Where an amending determination has been issued, a consolidated determination needs to be made. A consolidated determination, also known as a compilation, is essentially a principal determination updated to include the provisions of any amending determinations. The consolidation records the reference number of the amending determination and includes the date of effect of the amended provision. As most amending determinations must be registered on FRL before a consolidated determination can be made (and then also registered with FRL), there is a usually a delay of between 1 and 2 weeks between the time the Tribunal signs an amending determination and the registration of the consolidated determination.
Determinations on the Tribunal’s website
The determinations that contain the current remuneration and conditions for each group of office holders are listed on the relevant office page. This could include either a consolidated determination (if there have been amending determinations) or a principal determination (where there have been no changes made). As it usually takes a week or two for a consolidated determination to be made, at times an amending determination may also display on the office page. Once the amendment has been incorporated into a consolidated determination, the amending determination will be moved to the Document Library on the Tribunal’s website.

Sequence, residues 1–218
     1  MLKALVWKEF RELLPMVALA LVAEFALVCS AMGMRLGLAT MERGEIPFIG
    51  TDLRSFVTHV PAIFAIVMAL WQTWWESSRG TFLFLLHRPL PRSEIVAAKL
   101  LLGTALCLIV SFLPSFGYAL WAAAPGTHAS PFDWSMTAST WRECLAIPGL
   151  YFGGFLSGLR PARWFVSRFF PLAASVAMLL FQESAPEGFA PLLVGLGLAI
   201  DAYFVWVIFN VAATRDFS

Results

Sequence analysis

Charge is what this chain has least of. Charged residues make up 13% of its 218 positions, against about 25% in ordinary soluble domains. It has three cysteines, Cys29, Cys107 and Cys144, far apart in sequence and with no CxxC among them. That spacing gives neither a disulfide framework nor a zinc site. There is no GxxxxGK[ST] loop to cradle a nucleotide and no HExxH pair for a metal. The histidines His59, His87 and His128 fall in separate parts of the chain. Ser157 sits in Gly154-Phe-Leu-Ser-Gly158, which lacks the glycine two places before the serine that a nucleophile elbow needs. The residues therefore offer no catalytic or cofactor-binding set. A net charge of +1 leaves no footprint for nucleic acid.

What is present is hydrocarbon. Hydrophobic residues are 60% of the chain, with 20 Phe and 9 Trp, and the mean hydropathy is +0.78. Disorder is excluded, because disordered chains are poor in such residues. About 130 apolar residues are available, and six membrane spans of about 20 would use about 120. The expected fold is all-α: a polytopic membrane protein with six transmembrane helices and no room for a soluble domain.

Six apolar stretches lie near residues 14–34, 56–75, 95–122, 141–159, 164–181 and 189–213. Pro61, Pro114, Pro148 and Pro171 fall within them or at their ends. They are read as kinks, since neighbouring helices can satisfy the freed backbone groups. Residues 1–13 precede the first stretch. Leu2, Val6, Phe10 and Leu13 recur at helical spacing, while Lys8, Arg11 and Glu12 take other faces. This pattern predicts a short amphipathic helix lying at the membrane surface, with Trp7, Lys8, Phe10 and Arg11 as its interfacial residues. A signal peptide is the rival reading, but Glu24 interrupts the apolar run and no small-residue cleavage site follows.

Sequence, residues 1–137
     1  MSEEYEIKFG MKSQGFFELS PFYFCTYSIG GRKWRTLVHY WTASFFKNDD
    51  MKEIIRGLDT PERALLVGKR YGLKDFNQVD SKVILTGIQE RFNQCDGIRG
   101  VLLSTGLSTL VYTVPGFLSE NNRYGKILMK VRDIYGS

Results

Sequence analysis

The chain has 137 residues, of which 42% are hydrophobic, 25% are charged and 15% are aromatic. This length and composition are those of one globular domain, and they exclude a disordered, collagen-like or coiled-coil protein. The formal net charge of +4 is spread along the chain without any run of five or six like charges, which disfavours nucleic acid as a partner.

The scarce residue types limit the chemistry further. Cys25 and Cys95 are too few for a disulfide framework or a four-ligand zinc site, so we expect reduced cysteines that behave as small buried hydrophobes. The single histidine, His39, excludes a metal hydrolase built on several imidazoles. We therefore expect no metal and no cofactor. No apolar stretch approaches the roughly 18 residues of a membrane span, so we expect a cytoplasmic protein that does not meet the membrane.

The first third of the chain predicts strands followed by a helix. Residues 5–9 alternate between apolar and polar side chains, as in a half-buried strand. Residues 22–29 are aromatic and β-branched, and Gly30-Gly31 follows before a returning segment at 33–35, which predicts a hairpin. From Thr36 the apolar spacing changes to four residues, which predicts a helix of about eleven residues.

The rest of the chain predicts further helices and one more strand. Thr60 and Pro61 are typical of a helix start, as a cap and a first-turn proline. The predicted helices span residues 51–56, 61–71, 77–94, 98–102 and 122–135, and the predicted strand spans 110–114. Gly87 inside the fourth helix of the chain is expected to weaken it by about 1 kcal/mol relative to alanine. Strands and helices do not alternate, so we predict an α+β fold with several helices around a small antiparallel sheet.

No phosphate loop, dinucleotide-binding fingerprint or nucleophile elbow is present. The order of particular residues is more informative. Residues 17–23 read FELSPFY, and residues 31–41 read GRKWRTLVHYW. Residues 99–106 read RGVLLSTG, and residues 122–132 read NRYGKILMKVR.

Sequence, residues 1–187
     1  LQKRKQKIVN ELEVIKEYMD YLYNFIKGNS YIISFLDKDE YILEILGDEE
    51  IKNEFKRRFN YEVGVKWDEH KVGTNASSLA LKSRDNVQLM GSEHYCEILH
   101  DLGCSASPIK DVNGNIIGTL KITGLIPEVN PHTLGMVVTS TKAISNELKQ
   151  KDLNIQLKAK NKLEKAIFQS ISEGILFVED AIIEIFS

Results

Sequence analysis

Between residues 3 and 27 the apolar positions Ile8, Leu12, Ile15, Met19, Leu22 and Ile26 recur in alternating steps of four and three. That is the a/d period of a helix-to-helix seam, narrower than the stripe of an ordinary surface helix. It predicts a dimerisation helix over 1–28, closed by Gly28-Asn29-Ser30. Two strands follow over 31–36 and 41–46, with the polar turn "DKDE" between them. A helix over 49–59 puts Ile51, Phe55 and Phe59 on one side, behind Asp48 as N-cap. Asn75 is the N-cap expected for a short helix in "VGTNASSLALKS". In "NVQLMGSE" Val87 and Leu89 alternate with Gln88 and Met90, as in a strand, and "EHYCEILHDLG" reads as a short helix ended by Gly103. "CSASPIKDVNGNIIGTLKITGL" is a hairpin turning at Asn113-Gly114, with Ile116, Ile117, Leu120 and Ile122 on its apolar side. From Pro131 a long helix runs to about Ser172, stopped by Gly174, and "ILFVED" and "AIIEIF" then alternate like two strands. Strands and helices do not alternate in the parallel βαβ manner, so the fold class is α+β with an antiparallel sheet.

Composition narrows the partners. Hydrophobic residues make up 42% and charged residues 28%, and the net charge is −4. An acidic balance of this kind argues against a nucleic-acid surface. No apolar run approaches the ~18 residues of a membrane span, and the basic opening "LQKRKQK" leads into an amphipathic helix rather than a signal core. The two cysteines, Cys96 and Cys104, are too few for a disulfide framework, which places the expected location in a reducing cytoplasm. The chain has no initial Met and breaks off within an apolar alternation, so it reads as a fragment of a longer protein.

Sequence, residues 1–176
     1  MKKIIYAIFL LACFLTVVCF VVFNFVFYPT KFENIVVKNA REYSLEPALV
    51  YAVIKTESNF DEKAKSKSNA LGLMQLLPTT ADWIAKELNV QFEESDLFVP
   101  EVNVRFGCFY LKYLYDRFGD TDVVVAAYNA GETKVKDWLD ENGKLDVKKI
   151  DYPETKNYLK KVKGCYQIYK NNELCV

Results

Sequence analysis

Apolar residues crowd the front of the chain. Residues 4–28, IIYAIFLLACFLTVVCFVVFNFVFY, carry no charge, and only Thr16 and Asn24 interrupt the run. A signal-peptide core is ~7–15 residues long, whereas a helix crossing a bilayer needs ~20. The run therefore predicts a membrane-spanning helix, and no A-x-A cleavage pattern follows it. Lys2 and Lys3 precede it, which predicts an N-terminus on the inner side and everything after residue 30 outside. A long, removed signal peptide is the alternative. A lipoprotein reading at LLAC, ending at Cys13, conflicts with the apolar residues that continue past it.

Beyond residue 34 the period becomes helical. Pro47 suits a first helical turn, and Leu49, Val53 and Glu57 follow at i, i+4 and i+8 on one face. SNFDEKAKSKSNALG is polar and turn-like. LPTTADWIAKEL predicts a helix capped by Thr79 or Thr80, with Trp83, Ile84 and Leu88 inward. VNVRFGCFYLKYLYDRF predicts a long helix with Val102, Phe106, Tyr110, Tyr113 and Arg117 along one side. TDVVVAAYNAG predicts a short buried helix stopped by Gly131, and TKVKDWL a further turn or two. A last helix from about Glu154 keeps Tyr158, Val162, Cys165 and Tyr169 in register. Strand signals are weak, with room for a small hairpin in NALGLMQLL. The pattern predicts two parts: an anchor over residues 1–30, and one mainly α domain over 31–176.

All Tribunal determinations are disallowable instruments except those relating to Departmental Secretaries and Members of Parliament.
Either House of Parliament may, within 15 sitting days after a determination has been tabled, pass a resolution 'disapproving' the determination. If a determination that is disapproved (disallowed) has already come into operation, the determination does not have any force or effect on or after the day on which the resolution was passed. However, disallowance does not apply retrospectively. This means, for example, that affected office holders who have already received a pay rise do not have to repay any additional remuneration they have already received. However, from the date of disallowance, their pay would revert to what it was previously.